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Common wine ‘flaws’ and wine faults – a guide

Like Marmite, we might have to agree to disagree when it comes to our own tolerance for wine faults. Either way, love them or hate them, it’s useful to know more about the ‘flaws’ you may encounter, says Natasha Hughes MW

Wine faults: Oxidation

The relationship between oxygen and wine is an ambivalent one. The gentle introduction of oxygen to a wine during the maturation process – through the microscopic pores in a wooden barrel, for instance, or via the technique of micro-oxygenation – can help to lend a wine mid-palate weight and soften tannins.

Too much oxygen, though, results in oxidation. Affected wines are easy to spot: their colour is less vibrant (often with a brownish tinge) than you might expect given their age. One sniff or sip will confirm the diagnosis: there’s little freshness or bright fruit, and the finish is often marked by a bitter, drying character.

Oxygen can attack wines at any stage during their fermentation, maturation and storage (especially if the cork doesn’t provide an airtight seal). And yet not all oxidation is the result of a mistake. Many fortified wines – tawny Ports, palo cortado, amontillado and oloroso Sherries, Rutherglen Muscats and Topaques from Australia and the traditional sweet wines of Banyuls and Maury among them – rely on oxygen to create their hallmark flavour profiles. Madeira is another oxidised style of wine, though the term maderisation (which implies heating as well as exposure to oxygen) is more precise, albeit a little pedantic.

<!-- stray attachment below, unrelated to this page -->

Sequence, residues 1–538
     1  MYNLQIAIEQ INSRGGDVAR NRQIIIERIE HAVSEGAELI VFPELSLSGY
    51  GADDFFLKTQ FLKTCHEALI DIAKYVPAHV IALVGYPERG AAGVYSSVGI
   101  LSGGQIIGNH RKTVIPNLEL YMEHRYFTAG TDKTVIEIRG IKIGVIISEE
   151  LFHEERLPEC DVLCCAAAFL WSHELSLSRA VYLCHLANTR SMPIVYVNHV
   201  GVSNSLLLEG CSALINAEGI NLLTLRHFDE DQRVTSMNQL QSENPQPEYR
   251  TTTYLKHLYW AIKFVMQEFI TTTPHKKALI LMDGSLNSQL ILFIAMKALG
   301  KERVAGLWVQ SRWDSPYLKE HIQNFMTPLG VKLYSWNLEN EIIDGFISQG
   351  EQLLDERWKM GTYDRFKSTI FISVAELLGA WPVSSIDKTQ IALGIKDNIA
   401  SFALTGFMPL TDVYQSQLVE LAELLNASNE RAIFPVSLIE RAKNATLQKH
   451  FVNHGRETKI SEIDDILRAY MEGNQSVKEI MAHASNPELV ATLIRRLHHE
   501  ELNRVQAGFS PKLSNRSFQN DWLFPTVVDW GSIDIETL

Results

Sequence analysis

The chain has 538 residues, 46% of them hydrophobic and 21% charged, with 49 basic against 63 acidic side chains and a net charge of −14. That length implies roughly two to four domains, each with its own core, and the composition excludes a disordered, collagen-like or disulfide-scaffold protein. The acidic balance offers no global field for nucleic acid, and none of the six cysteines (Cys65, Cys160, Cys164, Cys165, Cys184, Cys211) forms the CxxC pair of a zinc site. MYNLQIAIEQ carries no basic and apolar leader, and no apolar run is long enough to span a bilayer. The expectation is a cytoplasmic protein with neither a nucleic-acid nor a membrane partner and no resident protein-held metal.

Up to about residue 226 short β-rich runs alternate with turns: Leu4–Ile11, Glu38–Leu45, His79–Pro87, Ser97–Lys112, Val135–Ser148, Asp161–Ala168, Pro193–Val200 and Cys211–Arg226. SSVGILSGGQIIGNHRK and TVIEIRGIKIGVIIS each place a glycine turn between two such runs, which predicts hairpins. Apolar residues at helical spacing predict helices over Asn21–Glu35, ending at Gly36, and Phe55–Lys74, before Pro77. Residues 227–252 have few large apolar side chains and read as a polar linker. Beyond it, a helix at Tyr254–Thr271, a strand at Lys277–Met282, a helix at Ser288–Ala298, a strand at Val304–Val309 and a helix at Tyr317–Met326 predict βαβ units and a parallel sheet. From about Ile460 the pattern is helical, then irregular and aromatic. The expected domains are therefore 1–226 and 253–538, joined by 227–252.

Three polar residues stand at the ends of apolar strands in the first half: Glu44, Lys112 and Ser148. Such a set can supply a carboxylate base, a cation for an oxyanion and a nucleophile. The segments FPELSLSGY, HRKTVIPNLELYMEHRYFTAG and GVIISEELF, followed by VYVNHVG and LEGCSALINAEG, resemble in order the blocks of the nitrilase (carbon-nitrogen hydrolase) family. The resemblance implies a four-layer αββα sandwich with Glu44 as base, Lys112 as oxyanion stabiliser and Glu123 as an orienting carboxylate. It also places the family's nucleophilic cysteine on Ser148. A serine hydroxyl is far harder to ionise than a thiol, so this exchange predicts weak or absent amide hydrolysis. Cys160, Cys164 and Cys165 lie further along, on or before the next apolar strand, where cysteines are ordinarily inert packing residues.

Some table wines, too, have traditionally had a whiff (or more) of oxygen about them (although not to the same extent as the overtly oxidised fortified wines). You’re most likely to find these wines in Old World regions where custom dictates that the wines spend prolonged periods in oak, often without the benefit of regular topping up, which helps keep oxygen at bay. These wines bear many oxidative characteristics – notes of nuts, dried fruits, beeswax and honey, for instance, as well as more obviously sherried (aldehydic) undertones. Happy hunting grounds – if you like this style – include Rioja (both whites and reds), Jura, Chenin Blancs from the Loire, Italy (particularly Piedmont and Montalcino) and the southern Rhône.

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